Project E39 M5: K&N Filters and HPS Intake Hoses


Our overall peak gains from both the drop-in K&N filters and the HPS Performance Parts silicone intake hose kit were exactly 7.1 horsepower and 2.4 foot pounds of torque. As you can see in the dyno sheet above, those gains were realized in almost every sector of our M5's powerband. Not bad at all from a simple filter and intake elbow swap that takes less than a couple hours to complete. 

An interesting point we must bring up is the effect heat saturation has on the E39 M5. It's normal for cars to lose power as they start getting hot, but the relation of power loss to oil temps did not line up with the losses we were experiencing on the dyno. Out of pure chance we happened to notice the OE intake elbows were getting pretty hot. After doing a little research we found that on the E39 M5 the intake temperature sensor was integrated into the MAF housing, which sits between the intake elbows and the airbox. Apparently the heat of the MAF housing leads to a higher than normal air intake temperature reading which causes the computer to dial back the power in order to prevent any chance of detonation. This is such a known issue that there are a couple of BMW specialists who offer kits to rewire and relocate the air intake temperature sensor away from the engine compartment (which you can bet we will be looking into and installing down the road). With our newly attained knowledge we decided to use one of our hand held dynoblower fans to cool off the MAFs in between dyno runs and just as suspected, power immediately went back up to normal levels. 


With the OE intake elbows we noticed our M5's power output would start declining after a handful of dyno runs. Unfortunately the intake air temperature sensor is built into the MAF housing which is very close to the engine and radiator. This causes the housing to get heat saturated, which in turns heats up the air intake temperature sensor and ultimately ends with decreased performance due to a false intake air temperature reading. 

With the HPS Performance Parts intake hose kit we did not experience the power losses we noticed with the OE intake elbows after running the car numerous times on the dyno. We feel this has a lot to do with the hard plastic of the OE intake elbows transferring the engine's heat to the MAF housings. With the HPS silicone hoses the heat transfer is nowhere near what it was with the OE elbows, as they serves as a buffer between the engine and the MAF housings. We can't say the issue has been completely eliminated, but the HPS hoses have definitely helped reduce the negative effects of BMW's faulty design.


In conclusion we are very happy with our current intake modifications. We surprisingly increased horsepower, while not experiencing any adverse effects. Since we are still using the complete OE airboxes the engine tone and sound has not changed at all. The gains we realized were not huge, but they were measurable and can even be felt with our butt-dynos. The car feels happier, especially on the higher parts of the rpm range. We can definitely sign off on the K&N filter and HPS Performance Parts intake hose kit combo for anyone with an E39 M5.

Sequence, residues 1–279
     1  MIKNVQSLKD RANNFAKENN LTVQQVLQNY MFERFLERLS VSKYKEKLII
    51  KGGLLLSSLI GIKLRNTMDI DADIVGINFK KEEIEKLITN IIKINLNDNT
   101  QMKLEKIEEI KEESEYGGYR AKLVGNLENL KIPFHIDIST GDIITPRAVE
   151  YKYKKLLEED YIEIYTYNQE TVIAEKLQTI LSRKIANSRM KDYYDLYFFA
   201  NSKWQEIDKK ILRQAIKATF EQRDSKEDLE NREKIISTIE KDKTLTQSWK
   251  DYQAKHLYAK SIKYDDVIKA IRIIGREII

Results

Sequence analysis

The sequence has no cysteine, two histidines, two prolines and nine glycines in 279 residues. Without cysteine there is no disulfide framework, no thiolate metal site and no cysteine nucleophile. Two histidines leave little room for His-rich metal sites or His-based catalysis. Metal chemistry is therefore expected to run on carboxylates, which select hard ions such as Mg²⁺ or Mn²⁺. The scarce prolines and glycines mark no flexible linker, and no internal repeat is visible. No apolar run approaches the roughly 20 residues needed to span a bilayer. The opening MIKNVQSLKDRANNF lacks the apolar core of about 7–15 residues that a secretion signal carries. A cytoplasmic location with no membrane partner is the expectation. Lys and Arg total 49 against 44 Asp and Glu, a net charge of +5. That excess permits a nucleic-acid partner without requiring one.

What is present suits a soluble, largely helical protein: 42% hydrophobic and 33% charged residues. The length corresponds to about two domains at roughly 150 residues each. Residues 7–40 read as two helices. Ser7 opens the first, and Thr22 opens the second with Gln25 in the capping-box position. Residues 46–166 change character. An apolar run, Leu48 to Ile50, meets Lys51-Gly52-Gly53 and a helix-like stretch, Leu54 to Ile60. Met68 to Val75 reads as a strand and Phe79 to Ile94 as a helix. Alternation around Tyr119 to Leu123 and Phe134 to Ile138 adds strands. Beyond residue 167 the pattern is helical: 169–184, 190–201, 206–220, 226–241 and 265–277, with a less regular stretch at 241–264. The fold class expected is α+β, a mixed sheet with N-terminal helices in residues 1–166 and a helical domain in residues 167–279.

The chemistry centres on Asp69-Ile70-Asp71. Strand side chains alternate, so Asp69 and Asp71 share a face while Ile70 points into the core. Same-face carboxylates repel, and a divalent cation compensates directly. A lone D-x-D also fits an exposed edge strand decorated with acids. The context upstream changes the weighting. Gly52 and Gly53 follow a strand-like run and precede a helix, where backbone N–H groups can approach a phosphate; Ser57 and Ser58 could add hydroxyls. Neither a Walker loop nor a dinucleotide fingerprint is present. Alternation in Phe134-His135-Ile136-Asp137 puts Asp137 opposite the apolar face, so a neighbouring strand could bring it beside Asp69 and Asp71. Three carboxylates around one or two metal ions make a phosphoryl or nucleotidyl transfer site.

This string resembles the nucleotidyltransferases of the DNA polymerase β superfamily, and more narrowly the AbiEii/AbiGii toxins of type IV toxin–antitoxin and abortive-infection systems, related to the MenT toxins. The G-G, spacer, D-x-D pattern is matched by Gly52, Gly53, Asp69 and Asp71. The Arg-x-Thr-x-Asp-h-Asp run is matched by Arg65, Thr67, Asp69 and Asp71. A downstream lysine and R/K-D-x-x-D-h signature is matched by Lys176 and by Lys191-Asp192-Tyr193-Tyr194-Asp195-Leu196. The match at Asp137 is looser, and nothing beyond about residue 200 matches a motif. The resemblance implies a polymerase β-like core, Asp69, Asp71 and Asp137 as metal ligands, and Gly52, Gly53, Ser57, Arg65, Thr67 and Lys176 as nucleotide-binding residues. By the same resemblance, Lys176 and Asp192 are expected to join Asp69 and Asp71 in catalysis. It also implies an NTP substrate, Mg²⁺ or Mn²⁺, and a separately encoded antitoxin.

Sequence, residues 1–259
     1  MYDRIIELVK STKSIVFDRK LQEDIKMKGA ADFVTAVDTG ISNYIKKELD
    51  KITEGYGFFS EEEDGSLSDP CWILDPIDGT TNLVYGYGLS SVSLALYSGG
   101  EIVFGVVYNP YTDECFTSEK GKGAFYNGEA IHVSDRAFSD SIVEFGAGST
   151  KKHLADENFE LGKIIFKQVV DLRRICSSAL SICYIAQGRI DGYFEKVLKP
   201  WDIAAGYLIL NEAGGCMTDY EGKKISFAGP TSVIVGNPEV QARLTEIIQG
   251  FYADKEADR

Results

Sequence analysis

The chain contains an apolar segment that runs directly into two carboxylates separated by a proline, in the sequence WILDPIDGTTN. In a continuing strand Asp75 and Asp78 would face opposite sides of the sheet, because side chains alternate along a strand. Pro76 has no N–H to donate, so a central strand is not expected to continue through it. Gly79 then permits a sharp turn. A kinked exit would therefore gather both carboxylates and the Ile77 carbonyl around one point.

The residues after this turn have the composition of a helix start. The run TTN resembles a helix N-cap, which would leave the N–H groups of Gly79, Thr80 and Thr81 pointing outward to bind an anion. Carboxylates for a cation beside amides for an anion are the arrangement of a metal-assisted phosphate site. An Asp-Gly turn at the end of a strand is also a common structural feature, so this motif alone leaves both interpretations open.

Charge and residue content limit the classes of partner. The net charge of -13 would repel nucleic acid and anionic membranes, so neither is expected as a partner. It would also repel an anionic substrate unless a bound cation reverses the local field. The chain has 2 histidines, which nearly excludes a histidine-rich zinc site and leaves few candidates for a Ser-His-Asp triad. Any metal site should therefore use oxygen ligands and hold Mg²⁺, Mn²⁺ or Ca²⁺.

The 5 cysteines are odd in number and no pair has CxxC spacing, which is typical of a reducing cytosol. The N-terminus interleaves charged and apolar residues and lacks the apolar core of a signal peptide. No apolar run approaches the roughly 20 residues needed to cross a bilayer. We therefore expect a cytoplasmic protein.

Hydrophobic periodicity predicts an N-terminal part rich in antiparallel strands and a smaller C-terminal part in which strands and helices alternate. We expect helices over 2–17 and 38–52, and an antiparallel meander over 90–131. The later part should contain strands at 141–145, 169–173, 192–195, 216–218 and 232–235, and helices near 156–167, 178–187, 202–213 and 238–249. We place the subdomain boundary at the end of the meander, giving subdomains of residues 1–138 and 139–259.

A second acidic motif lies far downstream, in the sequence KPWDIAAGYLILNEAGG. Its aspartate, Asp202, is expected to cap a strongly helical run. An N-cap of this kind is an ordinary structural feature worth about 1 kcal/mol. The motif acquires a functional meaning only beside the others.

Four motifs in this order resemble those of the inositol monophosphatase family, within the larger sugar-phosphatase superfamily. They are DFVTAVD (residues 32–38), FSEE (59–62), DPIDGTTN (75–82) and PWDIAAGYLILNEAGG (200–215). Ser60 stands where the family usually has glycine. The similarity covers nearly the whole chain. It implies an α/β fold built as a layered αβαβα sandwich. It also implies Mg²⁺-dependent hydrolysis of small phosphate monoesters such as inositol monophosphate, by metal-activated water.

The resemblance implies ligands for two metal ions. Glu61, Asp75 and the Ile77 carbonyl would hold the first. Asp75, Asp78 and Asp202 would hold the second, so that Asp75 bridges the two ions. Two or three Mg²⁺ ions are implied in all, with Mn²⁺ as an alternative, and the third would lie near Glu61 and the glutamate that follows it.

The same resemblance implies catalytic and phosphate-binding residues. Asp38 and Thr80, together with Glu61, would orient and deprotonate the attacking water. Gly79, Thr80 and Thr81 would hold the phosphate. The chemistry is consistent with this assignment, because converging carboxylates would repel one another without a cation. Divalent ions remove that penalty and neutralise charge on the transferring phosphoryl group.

What's next for Project E39 M5? We'd like to continue exploring options to improve our engine's intake system, especially since we know there is room for improvement when looking at where our engine is getting its air supply from. But, in our next installment we will be putting practicality to the side and looking into a new brake, wheel and tire package. You will not want to miss it! 





HPS Performance Parts



Read more about Project BMW E39 M5



  1. Hi Martin, and Mike,
    I love that fact you guys are doing a project E39 M5, as I’m working on mine as well. This intake article is very interesting, and would also like to see if you’d be interested in (dyno) testing another intake (AFE) that’s very easy to swap on. My E39 M5 came with it when I bought the car, and in design, it looks like it makes sense… very similar to the silicone hose + K&N setup you tested. Except, mine my AFE has a hard molded, smooth pipe and runs cone (K&N style) filters. Would you guys be interested in testing this setup as well? I am in Torrance, and the swap would take 5 mins. Please let me know if this is possible~

    *Reason I ask is, the AFE kit seems to have a negative gain on performance for the S62, based on an old dyno run someone did years ago. Looking at the design, I don’t understand how it could be worse than stock. I recently dyno’d my car and numbers weren’t bad. Wondering how it fares compared to your setup. -Thanks~

    1. Hi Joe,

      Thanks for reading! We’ve actually been wanting to test the AFE intake too. We’ll reach out to AFE to see if they would be interested in supplying us with one of their intakes for another test. We think that would be great info for the E39 M5 community to have!

Leave a Reply

Your email address will not be published.